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Police Commissioner Andrew Coster said the sacrifices Kiwis had made for 33 days had made a real difference, but cautioned alert level 3 wasn't a time to get complacent.
Bloomfield also warned against congregating outside takeaway joints or cafes and clarified that achieving elimination wasn't a singular goal, but an ongoing and sustained effort.
Elimination did not mean eradication and the fight was done and dusted, he said.
"Elimination is not a point in time.
"Our elimination goal continues into alert level 3, and to maintain that we need to be even more vigilant."
Overseas experience showed how quickly case numbers could rise again if "we take our foot off the pedal".
After Ardern declared on Monday that the virus had been eliminated in New Zealand, a number of overseas media outlets reported we'd won a major battle.
Yesterday, she clarified elimination didn't mean zero cases, but zero tolerance for new cases and an ongoing campaign.
"There is not one point in time that this mission ends now.
"Yes, we have [had elimination] in lockdown. The goal now is to keep up that work. We are now in the next phase of that battle and we are not done."
New Zealand's lockdown had achieved the goal of eliminating community transmission but there may still be some "smouldering ashes" of Covid-19 and given the chance they had the potential to become a wildfire, Ardern said.
"We will have to keep stamping Covid out until there is a vaccine."
During a hearing of the Epidemic Response Committee, a co-owner of Glenfield mall in Auckland, Dallas Pendergrast, was highly critical of the Government's treatment of small and medium businesses during the lockdown.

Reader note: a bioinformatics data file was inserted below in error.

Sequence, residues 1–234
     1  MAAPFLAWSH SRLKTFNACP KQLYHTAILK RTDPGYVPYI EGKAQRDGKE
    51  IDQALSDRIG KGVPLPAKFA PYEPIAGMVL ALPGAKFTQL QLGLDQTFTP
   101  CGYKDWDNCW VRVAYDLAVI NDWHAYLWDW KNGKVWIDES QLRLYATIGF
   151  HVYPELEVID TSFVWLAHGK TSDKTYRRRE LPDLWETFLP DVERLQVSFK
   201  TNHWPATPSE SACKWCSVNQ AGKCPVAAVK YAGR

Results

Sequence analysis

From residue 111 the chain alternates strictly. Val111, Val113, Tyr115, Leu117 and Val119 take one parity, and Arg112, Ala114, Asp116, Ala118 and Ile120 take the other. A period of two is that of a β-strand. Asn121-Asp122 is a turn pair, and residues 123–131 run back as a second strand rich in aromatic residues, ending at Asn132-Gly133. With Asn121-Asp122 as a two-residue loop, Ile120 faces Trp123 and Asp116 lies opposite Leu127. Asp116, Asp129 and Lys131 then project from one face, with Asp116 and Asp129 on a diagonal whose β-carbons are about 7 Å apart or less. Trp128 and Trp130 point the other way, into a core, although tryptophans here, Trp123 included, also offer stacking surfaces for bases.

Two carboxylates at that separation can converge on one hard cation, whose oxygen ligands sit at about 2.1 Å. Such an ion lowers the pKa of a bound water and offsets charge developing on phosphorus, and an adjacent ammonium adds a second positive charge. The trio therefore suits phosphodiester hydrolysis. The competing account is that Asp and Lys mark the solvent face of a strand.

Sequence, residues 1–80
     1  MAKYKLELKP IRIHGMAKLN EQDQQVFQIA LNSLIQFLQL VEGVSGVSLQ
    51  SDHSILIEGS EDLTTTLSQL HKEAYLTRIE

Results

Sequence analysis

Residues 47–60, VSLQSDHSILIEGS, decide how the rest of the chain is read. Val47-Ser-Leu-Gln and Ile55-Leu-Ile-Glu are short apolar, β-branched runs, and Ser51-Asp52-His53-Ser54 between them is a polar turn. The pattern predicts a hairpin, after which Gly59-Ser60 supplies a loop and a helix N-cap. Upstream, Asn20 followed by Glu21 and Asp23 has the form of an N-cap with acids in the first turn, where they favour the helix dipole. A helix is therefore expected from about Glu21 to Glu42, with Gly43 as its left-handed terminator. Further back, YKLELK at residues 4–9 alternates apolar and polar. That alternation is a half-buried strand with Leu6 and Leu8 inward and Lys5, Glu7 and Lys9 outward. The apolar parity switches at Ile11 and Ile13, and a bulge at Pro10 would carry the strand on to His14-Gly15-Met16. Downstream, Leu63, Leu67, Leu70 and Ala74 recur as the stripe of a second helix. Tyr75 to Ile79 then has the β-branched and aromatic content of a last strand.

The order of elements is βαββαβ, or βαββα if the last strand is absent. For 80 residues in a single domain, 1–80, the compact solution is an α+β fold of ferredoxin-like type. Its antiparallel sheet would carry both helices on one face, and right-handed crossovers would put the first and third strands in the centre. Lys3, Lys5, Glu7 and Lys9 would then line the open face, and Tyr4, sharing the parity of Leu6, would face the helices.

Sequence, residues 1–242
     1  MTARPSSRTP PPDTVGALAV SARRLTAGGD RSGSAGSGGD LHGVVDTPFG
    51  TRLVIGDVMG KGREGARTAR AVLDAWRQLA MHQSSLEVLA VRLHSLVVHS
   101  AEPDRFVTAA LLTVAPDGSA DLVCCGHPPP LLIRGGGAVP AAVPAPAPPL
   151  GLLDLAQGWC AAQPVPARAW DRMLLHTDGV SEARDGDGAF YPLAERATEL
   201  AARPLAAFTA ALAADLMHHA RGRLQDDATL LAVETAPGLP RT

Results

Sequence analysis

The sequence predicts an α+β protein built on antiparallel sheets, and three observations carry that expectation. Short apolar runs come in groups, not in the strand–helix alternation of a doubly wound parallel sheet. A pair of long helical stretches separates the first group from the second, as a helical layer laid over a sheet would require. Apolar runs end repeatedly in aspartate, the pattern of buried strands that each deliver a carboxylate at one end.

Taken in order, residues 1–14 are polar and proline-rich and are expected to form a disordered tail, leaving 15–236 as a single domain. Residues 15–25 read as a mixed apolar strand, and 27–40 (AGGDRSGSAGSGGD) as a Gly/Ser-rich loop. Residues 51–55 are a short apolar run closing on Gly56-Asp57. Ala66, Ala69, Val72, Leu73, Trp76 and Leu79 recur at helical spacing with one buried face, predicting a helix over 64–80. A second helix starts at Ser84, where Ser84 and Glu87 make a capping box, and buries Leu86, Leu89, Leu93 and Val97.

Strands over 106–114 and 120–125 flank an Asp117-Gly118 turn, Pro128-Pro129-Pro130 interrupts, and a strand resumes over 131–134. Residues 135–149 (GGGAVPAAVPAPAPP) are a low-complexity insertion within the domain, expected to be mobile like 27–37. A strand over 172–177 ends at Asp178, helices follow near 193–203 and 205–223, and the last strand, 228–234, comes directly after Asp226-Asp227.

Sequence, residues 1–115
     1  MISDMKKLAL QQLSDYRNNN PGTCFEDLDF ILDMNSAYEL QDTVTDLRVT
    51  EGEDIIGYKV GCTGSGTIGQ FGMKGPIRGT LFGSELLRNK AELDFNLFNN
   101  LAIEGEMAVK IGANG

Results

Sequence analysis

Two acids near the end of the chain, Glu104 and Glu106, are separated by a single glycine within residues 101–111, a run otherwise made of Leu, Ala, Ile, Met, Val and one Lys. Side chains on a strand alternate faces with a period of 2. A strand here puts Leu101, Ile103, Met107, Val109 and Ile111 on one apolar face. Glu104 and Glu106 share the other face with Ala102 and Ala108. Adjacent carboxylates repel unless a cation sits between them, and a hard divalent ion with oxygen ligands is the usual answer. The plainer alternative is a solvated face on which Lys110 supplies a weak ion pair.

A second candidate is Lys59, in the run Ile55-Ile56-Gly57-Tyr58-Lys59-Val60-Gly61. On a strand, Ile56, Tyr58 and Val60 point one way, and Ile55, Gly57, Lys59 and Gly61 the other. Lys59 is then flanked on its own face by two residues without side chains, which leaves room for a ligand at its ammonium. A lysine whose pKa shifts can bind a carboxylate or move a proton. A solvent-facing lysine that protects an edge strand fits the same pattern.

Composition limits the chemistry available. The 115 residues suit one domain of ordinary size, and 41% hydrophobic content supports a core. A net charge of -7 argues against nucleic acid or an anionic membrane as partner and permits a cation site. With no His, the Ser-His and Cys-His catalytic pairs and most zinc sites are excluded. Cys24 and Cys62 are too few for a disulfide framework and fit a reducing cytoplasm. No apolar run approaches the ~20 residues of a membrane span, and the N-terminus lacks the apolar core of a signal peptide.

She went as far as to call Ardern's public gratitude to them "an insult" and said the current Covid-19 situation was "no risk to anybody".
"It's been dramatised out of proportion."
At the post-Cabinet press conference, Ardern said the continuous goal of elimination was why some businesses had to stay shut at alert level 3.
Unlike offices, hospitality and retail customers and staff would interact with a lot of people daily which risked transmission and made contact-tracing more difficult, she said.
The public would at least be given 48 hour's notice about when we'd move down to alert level 2, she said.
And when asked whether the Government would provide cash grants or interest-free loans, Ardern said they were looking at what specific support could be offered after the wage subsidy dried up for businesses that were "vulnerable but viable".
She urged commercial landlords to come to a workable arrangement for their tenants, but did not say whether the Government was considering legislative changes to enable commercial rent freezes.
The Government also yesterday announced 35 new employment centres across the country, and an online portal to connect employers with job seekers under a "Keep New Zealand Working" tag.
The bite of the lockdown is becoming even more apparent, with benefit numbers rising - almost 7,000 went onto the Jobseeker Support last week.
Ministry of Social Development Minister Carmel Sepuloni said the impacts of Covid-19 restrictions meant unemployment would rise before it improved.
"The increase in benefit numbers was expected. It's a global phenomenon."